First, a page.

North Adams Regional Hospital has achieved significant quality gains during the last year's financial uncertainty, said Trustees Chairman Dr. Arthur Turton, left, and President William Frado.
NORTH ADAMS, Mass. — The financial prognosis for Northern Berkshire Healthcare is looking up as the health care system prepares to emerge from bankruptcy.
Hospital officials said on Wednesday that NBH has reached agreements with its bondholders and major creditors and could come out of bankruptcy in April.
"We're back," said interim President William "Bill" Frado Jr. on Wednesday afternoon. "We can actually see the end of the tunnel and the light's getting brighter every day."
The health care system still reported an operating loss of $3.25 million on revenues of $67.7 million for the fiscal year that ended Sept. 30, 2011. But that's a significant brake on a financial slide that saw losses of nearly $7 million the year before.
In fact, North Adams Regional Hospital, the health-care system's principal holding, has made a profit of $1 million since the beginning of the fiscal year on Oct. 1.
Dr. Arthur Turton, chairman of the board of trustees, said the health care system's five-year outlook is good. Based on "quite conservative" figures, including likely cuts in Medicare payments and leveling off of patient volume, Turton said NBH trustees have approved a plan that should not only maintain its fiscal stability but be able to put away some cash reserves.
"We're going from an $80 million debt to less than $20 million debt and you can imagine what that means to our interest payments every year," he said.
"I think the outcome is very positive for the organization and for health care in our community," he said. "The close to home aspect to our care is very important to this community and it's one of the things that motivates the trustees to go through what we've gone through and try and be sure this place is functioning and available for our community."
Turton and Frado were preparing to inform the corporators — the hospital's "ambassadors" to the community — on the progress over the past year.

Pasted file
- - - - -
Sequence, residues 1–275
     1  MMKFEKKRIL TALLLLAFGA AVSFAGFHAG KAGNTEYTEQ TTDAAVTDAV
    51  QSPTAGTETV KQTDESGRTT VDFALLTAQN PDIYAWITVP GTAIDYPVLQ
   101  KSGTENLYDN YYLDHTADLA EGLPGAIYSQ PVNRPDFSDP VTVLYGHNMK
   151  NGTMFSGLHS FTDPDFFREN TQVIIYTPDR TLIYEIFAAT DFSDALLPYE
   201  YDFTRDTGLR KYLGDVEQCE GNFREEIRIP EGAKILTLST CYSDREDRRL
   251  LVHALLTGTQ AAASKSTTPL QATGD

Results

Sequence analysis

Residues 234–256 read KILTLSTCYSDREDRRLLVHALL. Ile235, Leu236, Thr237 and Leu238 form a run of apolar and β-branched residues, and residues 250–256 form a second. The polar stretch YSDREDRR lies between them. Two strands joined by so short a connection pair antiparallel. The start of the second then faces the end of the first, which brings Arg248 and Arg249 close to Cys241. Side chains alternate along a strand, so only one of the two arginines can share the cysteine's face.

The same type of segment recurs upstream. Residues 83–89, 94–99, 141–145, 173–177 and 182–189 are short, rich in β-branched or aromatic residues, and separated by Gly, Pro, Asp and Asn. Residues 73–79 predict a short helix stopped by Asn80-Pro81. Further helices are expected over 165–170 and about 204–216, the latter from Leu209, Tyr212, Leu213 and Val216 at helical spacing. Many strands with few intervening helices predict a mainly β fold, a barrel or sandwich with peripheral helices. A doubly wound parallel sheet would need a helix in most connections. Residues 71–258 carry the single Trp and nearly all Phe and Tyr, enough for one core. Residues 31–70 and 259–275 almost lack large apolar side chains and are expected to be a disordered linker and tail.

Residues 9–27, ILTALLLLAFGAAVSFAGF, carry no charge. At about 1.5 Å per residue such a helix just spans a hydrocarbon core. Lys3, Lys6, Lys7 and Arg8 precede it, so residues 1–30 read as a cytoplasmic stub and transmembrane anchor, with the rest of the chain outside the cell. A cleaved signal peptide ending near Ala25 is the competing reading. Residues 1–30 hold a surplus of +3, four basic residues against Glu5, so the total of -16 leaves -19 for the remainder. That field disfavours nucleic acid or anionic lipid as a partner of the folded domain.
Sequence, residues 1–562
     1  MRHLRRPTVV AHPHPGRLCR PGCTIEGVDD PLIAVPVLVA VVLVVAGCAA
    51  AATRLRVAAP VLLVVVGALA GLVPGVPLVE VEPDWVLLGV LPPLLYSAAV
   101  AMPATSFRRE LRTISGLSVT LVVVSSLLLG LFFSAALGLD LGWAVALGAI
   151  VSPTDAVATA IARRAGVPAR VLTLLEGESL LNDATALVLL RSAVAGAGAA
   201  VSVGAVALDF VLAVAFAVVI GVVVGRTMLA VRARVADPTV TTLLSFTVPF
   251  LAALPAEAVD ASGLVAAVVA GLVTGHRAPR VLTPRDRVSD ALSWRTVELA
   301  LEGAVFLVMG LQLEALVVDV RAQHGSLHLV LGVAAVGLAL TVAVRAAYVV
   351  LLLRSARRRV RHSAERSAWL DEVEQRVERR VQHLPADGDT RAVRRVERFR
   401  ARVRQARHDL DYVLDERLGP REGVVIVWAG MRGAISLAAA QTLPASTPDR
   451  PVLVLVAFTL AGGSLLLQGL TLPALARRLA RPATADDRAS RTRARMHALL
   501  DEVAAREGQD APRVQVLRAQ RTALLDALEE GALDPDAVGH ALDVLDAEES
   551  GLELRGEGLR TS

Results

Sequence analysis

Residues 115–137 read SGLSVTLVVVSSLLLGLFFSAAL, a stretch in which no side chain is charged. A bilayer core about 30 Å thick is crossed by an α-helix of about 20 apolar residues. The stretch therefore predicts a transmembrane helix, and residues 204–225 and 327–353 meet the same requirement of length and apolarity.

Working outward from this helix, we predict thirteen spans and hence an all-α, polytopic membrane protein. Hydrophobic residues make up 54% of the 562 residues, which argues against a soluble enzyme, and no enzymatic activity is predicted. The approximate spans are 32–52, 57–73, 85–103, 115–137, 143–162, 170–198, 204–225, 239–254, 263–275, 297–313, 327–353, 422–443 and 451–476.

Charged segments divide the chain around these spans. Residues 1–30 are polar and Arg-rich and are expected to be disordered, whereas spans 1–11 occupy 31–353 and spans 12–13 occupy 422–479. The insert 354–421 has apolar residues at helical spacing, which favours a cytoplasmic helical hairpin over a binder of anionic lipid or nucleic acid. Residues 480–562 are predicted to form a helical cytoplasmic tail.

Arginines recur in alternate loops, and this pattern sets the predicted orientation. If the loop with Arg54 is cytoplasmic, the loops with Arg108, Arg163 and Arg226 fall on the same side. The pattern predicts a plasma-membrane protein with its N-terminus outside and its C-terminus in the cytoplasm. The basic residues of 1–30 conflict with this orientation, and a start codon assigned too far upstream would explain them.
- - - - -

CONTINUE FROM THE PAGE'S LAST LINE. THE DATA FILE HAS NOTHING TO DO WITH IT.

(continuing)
NBH was saddled with debt from pensions and bonds for renovations and expansions, including the misstep in purchasing the so-called "Sweets" nursing home and retirement community in Williamstown. The Sweets were sold off at a loss and the pensions taken over by the federal Pension Benefit Guaranty Corp. The bankruptcy was filed last June after bondholders refused to restructure the debt.
While some creditors are still negotiating, NBH expects to have its reorganization plan confirmed at hearing on April 2 and issue new bonds within weeks, fully emerging from bankruptcy. The health system will take a $5.2 million nonrecurring hit for legal and accounting fees for the bankruptcy and pension plan costs.
Turton and Frado said they weren't too worried about some of their major creditors "getting a haircut" but acknowledged "when it comes to our local vendors, we do mind them taking a loss."
Turton said local creditors have been very cooperative in working with the health-care system with the knowledge that business will continue on the other side of the bankruptcy.
With its financial health assured, NBH will be able to focus on future needs, including a search for a new chief executive that has been on hold the last nine months. A search committee has been established and a search firm hired; interviews are expected in April and new CEO by June or July.
The health care system will begin looking anew for a partnership, a move also delayed because of questions over solvency.